Find out what online learning can do for you

Online classes provided useful distractions for lifelong learners stuck at home during the peak of the pandemic, but the learning hasn’t stopped now that people are getting back out.

You can take courses on your smartphones, computers, tablets and streaming TVs on a world of topics. Learn a foreign language, play the piano, pursue hobbies, explore activities you’ve always been curious about, or acquire skills that may help you advance in your career later in life.

Even better, many courses are free, although you’ll likely have to pay to earn certificates, or “micro-credentials,” tied to in-demand skills.

“If you want [a class] Evaluated with feedback, there will be some sort of fee for the service,” says Curt Bonk, a professor of learning, design, and technology at Indiana University who hosts the Silver Lining for Learning podcast.

On-demand learning has transformed the industry

The pandemic has had a significant impact on online learning, and not just for your college-age children and grandchildren. Online education company Coursera reports that it had 46 million learners on its platform at the end of 2019. Then 30 million people joined its ranks in 2020 alone. Their total has now exceeded 118 million.

Some courses across the e-learning spectrum are offered in real-time, but most are available on demand, many in partnership with reputable colleges and universities, as well as experienced trainers in large companies.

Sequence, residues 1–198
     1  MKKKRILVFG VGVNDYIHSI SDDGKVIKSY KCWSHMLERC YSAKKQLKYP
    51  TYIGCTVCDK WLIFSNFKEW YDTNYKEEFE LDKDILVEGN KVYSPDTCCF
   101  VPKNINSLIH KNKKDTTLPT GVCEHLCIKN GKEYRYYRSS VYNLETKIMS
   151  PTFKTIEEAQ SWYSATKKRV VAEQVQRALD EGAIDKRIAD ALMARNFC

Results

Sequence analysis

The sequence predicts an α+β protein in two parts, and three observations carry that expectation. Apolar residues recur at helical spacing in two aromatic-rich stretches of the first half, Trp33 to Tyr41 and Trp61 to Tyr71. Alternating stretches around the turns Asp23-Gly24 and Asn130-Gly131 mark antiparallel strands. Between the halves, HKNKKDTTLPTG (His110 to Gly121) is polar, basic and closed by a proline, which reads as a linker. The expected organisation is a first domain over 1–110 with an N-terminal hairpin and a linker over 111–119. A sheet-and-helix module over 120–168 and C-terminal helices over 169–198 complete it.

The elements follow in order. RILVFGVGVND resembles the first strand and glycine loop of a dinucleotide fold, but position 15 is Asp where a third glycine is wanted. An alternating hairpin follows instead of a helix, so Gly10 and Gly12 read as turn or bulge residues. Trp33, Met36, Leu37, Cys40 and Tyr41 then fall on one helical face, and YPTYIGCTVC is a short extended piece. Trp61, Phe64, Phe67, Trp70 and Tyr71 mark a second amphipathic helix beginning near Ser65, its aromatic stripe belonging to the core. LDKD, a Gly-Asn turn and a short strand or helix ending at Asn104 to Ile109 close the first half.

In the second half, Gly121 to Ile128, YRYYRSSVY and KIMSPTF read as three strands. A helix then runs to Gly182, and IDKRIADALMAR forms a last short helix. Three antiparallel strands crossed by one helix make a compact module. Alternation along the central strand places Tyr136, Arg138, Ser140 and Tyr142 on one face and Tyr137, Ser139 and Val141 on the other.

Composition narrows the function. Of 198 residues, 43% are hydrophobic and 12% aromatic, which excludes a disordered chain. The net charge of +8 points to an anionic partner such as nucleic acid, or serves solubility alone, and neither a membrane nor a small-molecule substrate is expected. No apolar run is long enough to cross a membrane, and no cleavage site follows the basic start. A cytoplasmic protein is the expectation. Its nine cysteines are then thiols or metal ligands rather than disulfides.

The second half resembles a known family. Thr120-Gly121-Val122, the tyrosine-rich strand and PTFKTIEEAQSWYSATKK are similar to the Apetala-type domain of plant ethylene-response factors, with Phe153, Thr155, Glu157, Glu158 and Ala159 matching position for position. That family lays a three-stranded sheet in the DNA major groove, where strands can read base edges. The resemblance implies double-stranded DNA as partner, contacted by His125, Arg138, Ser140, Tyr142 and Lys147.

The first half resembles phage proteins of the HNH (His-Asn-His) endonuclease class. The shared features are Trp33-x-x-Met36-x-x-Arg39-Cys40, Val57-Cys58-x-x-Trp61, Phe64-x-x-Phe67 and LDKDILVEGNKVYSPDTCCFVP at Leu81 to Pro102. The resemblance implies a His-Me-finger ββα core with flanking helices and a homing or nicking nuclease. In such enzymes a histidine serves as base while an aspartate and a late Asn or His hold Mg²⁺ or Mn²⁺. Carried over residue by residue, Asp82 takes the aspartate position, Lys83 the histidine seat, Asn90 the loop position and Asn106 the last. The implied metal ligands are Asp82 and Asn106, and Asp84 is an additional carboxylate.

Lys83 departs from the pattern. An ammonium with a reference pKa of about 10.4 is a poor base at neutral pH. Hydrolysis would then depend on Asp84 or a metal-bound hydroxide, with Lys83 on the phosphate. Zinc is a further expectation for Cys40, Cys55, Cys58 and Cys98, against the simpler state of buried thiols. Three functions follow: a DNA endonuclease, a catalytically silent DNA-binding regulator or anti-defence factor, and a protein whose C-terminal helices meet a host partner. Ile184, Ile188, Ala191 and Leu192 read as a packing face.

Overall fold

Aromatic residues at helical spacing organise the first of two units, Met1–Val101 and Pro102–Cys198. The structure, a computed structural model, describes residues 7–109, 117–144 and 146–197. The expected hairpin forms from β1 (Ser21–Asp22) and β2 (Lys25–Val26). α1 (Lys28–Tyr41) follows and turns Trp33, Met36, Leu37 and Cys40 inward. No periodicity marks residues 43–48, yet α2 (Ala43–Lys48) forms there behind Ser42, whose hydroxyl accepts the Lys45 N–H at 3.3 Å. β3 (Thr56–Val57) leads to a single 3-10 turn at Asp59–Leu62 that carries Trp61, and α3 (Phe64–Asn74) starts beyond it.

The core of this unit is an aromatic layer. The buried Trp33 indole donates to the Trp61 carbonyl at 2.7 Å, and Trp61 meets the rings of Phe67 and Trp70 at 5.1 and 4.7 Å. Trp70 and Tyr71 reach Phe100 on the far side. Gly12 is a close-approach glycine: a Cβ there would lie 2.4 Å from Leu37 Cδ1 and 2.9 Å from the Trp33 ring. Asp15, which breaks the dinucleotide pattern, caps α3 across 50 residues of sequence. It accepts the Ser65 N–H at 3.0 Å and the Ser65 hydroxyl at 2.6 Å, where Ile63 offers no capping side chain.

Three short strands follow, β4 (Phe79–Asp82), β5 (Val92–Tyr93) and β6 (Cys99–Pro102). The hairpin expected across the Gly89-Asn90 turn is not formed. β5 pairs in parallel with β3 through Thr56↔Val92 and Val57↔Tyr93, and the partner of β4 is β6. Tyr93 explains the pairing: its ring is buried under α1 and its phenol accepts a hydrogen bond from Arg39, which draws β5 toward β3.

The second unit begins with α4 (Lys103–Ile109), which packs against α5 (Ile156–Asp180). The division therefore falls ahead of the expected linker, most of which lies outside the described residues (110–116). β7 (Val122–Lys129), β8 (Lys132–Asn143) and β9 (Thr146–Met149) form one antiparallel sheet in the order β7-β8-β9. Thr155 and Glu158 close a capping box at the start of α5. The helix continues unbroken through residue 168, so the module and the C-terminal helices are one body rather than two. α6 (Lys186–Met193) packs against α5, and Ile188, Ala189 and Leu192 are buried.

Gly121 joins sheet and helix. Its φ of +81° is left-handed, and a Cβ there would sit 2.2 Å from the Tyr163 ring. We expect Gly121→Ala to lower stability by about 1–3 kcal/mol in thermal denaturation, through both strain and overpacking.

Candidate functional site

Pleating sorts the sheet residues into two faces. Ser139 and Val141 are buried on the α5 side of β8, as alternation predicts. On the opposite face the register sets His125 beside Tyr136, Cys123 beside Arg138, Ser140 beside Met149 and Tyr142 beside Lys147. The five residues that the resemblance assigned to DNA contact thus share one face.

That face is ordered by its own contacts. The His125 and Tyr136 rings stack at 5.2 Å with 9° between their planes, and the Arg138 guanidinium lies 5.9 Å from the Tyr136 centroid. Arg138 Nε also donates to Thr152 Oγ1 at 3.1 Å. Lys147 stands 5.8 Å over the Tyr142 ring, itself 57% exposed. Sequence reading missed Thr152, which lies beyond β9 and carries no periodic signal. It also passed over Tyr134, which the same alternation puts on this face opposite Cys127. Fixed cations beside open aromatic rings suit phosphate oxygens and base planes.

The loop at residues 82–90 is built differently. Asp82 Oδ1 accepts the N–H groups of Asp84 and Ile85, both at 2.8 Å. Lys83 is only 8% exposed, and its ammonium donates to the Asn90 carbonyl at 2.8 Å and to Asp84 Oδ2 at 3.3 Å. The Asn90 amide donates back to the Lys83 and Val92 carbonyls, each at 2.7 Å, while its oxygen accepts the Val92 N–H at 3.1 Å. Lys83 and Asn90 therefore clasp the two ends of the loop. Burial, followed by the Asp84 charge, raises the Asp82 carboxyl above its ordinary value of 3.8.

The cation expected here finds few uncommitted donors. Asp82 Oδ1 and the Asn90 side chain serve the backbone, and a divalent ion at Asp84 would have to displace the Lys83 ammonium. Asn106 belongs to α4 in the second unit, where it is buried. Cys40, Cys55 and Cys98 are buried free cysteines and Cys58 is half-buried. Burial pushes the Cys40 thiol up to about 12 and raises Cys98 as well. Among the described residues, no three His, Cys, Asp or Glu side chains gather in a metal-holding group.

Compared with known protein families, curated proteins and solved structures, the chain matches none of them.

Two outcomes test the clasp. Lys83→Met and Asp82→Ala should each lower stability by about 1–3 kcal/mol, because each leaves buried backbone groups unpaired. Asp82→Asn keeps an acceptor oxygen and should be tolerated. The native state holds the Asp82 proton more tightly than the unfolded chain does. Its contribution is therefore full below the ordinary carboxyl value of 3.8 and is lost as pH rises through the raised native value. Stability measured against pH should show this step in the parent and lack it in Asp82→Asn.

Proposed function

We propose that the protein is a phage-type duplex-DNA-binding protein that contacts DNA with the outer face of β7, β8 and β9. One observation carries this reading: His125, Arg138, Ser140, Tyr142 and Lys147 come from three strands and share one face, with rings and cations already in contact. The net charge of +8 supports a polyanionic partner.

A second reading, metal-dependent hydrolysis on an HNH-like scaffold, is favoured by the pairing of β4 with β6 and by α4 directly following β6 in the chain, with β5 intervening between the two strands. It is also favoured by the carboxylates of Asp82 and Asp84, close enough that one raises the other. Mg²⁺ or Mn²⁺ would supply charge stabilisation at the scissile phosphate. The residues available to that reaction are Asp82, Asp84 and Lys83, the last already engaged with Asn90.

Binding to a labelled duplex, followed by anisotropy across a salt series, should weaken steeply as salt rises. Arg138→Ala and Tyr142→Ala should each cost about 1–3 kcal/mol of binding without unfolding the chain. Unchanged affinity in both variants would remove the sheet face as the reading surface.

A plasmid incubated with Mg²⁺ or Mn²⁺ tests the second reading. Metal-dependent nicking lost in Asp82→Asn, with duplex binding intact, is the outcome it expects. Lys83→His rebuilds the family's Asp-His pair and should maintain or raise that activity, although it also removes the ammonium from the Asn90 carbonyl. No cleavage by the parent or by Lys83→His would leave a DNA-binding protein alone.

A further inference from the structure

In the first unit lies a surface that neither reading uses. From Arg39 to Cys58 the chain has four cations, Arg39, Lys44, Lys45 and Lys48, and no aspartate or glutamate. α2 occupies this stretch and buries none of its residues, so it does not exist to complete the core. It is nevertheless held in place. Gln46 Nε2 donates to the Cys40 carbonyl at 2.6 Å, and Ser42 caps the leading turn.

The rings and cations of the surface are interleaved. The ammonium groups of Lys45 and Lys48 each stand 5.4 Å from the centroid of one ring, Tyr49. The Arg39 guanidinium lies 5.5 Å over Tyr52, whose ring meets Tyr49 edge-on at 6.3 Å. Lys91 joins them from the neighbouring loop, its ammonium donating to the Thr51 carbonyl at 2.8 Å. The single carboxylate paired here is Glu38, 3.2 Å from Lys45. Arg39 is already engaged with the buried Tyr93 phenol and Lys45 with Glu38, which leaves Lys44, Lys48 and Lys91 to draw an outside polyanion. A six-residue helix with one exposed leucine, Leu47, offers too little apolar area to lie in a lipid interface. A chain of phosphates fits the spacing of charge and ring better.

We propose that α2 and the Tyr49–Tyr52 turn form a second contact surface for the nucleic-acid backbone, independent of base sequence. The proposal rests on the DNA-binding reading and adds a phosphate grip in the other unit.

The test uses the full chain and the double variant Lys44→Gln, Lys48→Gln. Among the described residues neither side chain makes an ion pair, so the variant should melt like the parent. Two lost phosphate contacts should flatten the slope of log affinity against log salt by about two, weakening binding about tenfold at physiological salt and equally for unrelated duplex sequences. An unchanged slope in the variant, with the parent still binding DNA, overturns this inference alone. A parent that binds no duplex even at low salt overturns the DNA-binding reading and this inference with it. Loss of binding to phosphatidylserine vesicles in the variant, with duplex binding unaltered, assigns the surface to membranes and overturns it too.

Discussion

Massive open online courses, commonly referred to as MOOCs, have given millions of people worldwide access to curriculum once reserved for students paying expensive tuition. Courses number in the thousands and range from artificial intelligence to digital photography.

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Each course typically has a video of the instructor speaking, related reading, quizzes, and an online discussion forum. The number and duration of the courses varies.

You can search for accounting or data science courses on MOOC.org, an extension of an online course platform called edX.org. If you want to understand blockchain technology, you can take a free three-week IBM course with three hours per week of self-paced study through edX. If you want to study the use of machine learning in the Python programming language instead, Harvard offers a seven-week, 10-30 hour-per-week course on the subject through edX, also free and self-paced.

Tuition is ‘less and less free’

In the early days, massive open online courses were mostly free. Large groups of participants attended the courses together – hence the terms “open” and “massive” in the nickname. But the courses have evolved.

Although video lectures are usually free to watch, certain elements, such as access to quizzes and grading of assignments, may be behind a paywall. For an additional fee, some providers offer credentials, certificates, or even a full degree.

“They become less and less free. That is [a] clear trend and obviously one that is badly needed,” says Fiona Hollands, Founder and CEO of EdResearcher. Your independent research company looks at educational programs, policies and practices.

Her reason: “You can’t offer a good education for free.” Online courses vary in quality, she says.